Registered with the Registrar of Newspapers for India under R.N.I 53640/91
Vol. XXXI No. 3, May 16-31, 2021
If at all the present pandemic has a positive side to it, it is its relentless exposure of our shortcomings. Much of our present way of living and managing of the city has been held up as wrong. The congested manner of urban life is probably the first and biggest challenge. And then we have the woefully inadequate health infrastructure. In short there is no dearth of urgent big-ticket reforms in city administration. What is distressing therefore is the way money is spent on cosmetics such as beach beautification, putting up of selfie spots and so-called footpath widening schemes which in the absence of subsequent maintenance become spaces for vagrants and illegal occupation. The latest in this list of wasteful expenditure are the so-called vertical gardens beneath flyovers.
The pillars were admittedly eyesores. Posters had aggrandised the entire space made available and what was not within reach had been taken over by political graffiti. The Corporation then put up appeals to the general public – ‘these are your spaces built with your money,’ they said. ‘Do not disfigure them.’ This did appear to have some effect for there was a marked decrease in the poster menace. But that the administration itself was complicit in the disfiguring was evident when in its drive to remove political graffiti it very carefully allowed the ruling dispensation’s handiwork to remain while all others were painted over! It was only when the polls were announced and the Election Commission took over that these last too were whitewashed, no doubt in preparation for the new party in power to paint its messages.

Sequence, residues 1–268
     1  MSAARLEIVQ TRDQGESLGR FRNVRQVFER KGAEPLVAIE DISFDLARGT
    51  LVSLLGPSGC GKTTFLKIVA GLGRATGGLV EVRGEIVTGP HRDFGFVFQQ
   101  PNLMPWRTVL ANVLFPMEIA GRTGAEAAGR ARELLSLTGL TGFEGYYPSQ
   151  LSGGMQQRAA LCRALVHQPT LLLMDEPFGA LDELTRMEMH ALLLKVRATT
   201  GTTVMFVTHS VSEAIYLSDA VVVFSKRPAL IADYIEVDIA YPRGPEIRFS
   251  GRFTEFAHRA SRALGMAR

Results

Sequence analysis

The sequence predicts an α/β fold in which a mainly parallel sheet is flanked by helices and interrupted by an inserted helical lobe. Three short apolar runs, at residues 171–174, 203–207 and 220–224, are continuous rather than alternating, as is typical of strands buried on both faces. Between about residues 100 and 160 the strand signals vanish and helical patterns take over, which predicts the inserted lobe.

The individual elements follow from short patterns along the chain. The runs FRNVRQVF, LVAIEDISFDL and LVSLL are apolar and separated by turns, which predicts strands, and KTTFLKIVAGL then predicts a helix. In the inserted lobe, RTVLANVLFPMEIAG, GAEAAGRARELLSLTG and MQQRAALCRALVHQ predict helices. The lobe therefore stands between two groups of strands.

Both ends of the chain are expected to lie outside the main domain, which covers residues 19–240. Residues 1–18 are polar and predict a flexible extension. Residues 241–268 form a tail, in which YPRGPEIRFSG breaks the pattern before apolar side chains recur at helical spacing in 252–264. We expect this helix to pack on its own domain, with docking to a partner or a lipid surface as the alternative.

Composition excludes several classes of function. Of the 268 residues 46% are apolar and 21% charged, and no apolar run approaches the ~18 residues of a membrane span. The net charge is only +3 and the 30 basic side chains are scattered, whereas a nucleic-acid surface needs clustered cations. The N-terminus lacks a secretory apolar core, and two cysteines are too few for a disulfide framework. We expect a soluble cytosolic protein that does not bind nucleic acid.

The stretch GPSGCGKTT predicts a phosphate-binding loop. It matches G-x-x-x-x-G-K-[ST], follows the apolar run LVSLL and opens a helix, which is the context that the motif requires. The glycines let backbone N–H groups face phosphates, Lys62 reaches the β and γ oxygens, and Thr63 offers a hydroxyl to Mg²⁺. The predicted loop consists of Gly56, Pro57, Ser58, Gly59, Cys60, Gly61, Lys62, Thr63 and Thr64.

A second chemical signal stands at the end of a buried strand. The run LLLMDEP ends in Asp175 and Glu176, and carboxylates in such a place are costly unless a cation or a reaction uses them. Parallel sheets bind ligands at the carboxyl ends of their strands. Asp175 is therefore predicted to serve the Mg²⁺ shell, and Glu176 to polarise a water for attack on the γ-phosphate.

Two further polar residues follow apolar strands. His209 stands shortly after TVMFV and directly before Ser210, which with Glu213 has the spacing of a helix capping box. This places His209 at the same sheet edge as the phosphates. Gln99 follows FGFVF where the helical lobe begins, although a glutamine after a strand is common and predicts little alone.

Be that as it may, someone in the administration clearly thought that covering these spaces with plants may be the best answer. Fourteen flyovers were identified to ‘benefit’ from this scheme, at a cost of Rs 8.14 crores! The benefits touted were that they reduced noise and air pollution and also had a cooling effect on the immediate environment.
Meet Selvi. She’s more than 60 years old and works as a live-in help for a family in Thiruvanmiyur. She has an old-school Nokia phone with no internet connectivity; she doesn’t surf the web or participate on social media websites. When Selvi decided to get the covid vaccine, she didn’t register on the CoWIN app; she directly went to the nearest center, registered in person and received the jab on the same day. This is exactly what she would do, she says, in a medical emergency as well – reach out to the nearest public health center for help.
During 2019 I lost two of my genuine well-wishers, who were responsible for my new Avatar as a writer/author, post retirement. One was Charukesi, the well-known bilingual writer and music /dance critic who passed away on 30th January, 2019. He had just turned 80. The other one was S. Muthiah, the chronicler of Madras, a heritage activist/ author who passed away on 20th April, 2019. He was 89. Both were single. Charukesi was a lifelong bachelor who never married and Muthiah, a widower who lost his wife of 40 years in 2013. What contrasting personalities they were.
(Continued from last fortnight)